the inquirer remove from the trust account the sums equal to what the inquirer
believes are due and owing, and, if so, may this amount include payment of
interest due on the unpaid bill?
May the inquirer also withhold from
distribution to the client an amount the inquirer depicts as a “cushion” to
cover fees and expenses in the event that the fee dispute results in
answer to each question is no.
1.15(b)(4) of the New York Rules of Professional Conduct (the “Rules”) states
that a lawyer may withdraw funds from a trust account “when due, unless the
right of the lawyer to receive it is disputed by the client . . . in which
event the disputed portion shall not be withdrawn until the dispute is finally
resolved.” The client’s insistence on
the discount is a dispute for purposes of the Rule and so the inquirer may retain
but must not remove from the trust account those sums that the client questions
until the dispute is resolved, whether by settlement or through some dispute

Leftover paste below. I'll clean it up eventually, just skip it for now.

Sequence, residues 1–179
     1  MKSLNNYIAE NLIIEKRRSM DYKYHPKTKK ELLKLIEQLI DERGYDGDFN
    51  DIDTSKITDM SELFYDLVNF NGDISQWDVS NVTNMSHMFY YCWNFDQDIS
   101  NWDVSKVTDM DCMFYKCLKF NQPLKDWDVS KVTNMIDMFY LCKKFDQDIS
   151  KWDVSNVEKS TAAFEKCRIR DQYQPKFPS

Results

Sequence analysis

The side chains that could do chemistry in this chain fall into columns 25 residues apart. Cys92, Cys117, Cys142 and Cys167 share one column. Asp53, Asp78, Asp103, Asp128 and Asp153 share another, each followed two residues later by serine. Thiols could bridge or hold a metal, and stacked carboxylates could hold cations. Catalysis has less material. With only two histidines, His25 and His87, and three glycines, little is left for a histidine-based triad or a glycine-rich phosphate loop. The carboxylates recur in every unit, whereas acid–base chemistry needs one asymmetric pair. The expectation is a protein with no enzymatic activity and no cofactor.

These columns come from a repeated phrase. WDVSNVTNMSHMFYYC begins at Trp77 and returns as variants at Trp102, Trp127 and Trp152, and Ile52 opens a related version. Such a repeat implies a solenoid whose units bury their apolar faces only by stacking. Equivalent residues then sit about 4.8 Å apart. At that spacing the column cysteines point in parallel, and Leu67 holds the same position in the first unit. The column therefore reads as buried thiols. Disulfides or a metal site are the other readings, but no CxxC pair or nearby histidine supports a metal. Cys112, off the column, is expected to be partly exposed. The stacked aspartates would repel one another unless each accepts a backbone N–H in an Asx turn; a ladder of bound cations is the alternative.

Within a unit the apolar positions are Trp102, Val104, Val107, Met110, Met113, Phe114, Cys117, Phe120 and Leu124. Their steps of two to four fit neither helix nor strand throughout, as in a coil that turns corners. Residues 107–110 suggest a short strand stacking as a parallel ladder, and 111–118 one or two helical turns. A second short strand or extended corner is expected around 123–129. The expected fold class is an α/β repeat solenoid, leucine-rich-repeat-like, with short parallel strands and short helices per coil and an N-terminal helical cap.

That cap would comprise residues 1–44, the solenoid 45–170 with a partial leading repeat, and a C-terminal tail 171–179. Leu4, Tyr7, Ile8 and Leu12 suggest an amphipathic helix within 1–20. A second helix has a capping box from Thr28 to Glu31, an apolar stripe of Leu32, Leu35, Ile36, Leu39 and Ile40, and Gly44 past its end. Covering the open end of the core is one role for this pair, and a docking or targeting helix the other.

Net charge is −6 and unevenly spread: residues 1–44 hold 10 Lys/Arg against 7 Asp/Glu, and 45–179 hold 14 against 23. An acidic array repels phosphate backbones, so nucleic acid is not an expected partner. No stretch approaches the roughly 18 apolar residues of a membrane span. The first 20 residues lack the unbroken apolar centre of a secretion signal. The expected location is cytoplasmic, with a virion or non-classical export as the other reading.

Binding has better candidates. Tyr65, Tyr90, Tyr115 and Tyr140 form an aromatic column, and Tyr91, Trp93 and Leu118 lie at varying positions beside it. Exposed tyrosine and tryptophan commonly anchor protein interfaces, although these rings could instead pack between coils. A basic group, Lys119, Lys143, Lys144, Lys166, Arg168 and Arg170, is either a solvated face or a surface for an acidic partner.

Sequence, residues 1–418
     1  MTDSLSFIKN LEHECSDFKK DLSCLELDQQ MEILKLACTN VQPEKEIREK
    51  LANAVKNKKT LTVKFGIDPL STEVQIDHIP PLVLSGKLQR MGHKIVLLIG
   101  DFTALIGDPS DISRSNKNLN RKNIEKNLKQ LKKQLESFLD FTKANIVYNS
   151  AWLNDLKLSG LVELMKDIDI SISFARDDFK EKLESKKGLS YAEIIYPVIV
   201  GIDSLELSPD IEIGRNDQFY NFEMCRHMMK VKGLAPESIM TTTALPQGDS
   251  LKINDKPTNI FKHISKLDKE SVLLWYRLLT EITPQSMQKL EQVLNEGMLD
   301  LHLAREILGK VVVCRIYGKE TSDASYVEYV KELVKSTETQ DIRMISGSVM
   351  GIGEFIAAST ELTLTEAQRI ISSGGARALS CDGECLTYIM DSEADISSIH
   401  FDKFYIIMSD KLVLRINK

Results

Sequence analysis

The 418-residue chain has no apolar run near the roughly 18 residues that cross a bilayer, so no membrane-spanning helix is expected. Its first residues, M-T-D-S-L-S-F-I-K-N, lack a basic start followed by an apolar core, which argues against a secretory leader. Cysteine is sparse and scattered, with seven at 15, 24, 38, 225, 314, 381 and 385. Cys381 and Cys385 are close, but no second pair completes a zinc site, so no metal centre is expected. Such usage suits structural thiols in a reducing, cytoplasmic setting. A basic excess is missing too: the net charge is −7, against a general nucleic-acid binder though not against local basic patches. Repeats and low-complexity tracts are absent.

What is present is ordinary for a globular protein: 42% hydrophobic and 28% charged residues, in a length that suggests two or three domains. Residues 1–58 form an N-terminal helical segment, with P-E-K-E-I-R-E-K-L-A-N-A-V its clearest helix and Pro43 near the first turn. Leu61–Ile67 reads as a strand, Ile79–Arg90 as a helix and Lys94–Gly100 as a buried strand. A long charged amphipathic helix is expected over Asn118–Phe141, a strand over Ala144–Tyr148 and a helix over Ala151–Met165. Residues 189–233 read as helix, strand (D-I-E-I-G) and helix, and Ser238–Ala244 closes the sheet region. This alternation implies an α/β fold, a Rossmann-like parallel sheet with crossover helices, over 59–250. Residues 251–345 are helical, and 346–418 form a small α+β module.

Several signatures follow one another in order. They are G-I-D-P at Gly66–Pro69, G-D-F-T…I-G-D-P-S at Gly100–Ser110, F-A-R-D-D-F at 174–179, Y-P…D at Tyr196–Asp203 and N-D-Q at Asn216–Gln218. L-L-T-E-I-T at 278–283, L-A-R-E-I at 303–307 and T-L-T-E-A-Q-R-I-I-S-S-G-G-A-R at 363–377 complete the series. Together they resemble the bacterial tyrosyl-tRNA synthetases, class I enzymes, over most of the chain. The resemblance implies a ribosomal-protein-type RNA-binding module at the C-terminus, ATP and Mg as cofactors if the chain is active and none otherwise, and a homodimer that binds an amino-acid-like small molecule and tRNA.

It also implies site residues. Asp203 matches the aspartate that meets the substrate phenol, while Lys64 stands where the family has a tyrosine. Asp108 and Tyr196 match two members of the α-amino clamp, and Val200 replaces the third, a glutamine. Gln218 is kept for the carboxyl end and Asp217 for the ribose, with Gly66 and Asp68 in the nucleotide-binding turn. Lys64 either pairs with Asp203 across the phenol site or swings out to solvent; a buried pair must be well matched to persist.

resolution process. Insofar as the
client concedes that some of the amounts in the account are properly the
lawyer’s property, the lawyer may distribute the same to the lawyer’s account;
to the extent the client disputes any portion of those sums, the lawyer must
retain them in escrow.
a prior written agreement, the lawyer may not unilaterally charge interest on a
delinquent client account. “[I]n order
to charge interest on delinquent accounts, a lawyer must advise the client
prior to performing services of the fact that interest will be so charged, the
definition (time period) of delinquency, and must obtain the client’s consent thereto.” N.Y. State 399 (1975). “A law firm may seek its clients’ agreement
to modify its retainer agreement with the clients during the pendency of a
current matter to secure payment, by confessions of judgment and collateral
mortgages, of fully earned but unpaid legal fees and expenses in an amount on
which the parties agree, if the law firm complies with the rules governing
business transactions with clients and is mindful of ongoing obligations to